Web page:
I received an email from a client (dentist, Dr Michael – surname withheld) approximately a month ago suggesting that I write an article about how much financial knowledge you need. Should you endeavour to know as much as you can so you don’t need any advisors or should you have a little bit of knowledge and rely on the experts?
Here’s his question:
I suspect that you’re on the lookout for new ideas for articles/blogs, and I have one you might want to write about, and certainly one I think that your clients will be interested in. Specialisation is very important in society. As a dentist I have a special skill and interest in teeth. You have a special interest and skill base in financial management. But my question to you (which you might want to expand on for a blog or article) is how much knowledge should we have of our financial situation, and how much should we “have faith” in specialists such as yourself? How much is too much, and how much is not enough? Obviously we need some knowledge, but at the same time if we knew as much as our financial advisers, then we would have no need for them. So where to draw the line on how much interest/knowledge we should have on our financial situation and the options available to us, and how much should we leave it to specialists and advisers such as yourself to handle this on our behalf, in the same way as a patient will leave me to specialise in the treatment of his/her teeth.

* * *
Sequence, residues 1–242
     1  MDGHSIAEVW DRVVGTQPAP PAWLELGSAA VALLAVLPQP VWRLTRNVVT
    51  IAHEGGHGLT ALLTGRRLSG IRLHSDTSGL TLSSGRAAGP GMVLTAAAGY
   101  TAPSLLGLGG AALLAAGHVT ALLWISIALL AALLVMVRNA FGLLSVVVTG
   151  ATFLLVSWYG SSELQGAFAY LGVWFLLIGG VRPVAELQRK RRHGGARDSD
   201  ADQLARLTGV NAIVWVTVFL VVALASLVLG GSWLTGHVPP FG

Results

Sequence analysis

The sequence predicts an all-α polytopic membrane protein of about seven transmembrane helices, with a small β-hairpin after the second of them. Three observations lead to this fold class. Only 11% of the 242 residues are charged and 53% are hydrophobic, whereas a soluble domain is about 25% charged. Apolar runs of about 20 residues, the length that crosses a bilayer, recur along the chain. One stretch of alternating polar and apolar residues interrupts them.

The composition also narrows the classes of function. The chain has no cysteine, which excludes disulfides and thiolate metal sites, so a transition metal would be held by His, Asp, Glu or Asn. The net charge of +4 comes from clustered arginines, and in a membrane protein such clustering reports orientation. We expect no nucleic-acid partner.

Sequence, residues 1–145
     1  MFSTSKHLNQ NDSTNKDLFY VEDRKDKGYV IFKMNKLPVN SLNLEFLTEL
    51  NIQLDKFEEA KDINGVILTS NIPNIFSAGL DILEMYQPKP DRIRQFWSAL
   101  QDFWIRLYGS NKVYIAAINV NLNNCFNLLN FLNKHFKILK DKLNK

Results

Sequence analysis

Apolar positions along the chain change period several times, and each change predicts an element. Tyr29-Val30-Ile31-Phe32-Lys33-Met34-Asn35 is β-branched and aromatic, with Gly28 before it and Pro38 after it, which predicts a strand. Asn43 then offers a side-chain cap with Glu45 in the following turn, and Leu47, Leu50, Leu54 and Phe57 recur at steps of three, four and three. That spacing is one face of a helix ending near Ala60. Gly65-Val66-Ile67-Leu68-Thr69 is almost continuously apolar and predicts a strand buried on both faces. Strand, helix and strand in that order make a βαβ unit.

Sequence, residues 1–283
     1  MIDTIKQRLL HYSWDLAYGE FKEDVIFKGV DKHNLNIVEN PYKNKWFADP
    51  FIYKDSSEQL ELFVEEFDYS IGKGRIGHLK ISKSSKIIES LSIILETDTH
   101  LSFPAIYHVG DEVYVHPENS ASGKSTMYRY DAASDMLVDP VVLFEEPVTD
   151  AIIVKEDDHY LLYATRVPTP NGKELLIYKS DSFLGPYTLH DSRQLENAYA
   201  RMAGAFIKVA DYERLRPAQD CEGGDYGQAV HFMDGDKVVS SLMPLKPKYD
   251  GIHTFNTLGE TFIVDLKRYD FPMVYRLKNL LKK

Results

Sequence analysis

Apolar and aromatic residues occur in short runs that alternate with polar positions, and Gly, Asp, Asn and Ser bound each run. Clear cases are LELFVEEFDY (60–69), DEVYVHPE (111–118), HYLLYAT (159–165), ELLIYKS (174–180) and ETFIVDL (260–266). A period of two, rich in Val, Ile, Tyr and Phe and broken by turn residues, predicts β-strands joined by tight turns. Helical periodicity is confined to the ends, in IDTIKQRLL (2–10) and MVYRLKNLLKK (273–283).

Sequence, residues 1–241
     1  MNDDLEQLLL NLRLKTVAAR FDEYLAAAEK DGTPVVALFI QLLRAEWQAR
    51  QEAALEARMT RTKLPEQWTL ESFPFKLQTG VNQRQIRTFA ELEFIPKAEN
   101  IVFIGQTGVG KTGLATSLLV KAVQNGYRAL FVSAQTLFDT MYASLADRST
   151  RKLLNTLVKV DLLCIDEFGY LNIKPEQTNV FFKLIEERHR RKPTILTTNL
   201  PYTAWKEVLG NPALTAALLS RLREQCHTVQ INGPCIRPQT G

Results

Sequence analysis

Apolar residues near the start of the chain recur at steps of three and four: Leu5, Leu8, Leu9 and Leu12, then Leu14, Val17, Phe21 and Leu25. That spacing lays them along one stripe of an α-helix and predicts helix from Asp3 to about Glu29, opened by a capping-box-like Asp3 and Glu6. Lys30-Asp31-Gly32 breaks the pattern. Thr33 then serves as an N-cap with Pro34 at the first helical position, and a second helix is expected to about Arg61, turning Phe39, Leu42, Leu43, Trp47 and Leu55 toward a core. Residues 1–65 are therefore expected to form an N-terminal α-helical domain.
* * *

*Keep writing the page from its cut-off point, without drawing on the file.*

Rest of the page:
I think it’s a great question and one (of course) I’m happy to share my thoughts on. By the way, if you have an article idea, I’d love to hear from you – just drop me an email.
Information versus experience
The first distinction I would like to make is that we need to be careful with what we mean when we refer to “knowledge”. Albert Einstein was quoted saying “information is not knowledge”. Information is usually acquired via studying, training and education whereas knowledge is typically only acquired via experience. Information is relatively easy to acquire (particularly today) but there are no shortcuts or substitutes for experience. There’s a saying that most people learn from their own mistakes, smart people learn from other people’s mistakes and stupid people never learn! I heard a short anecdote that makes this point really well: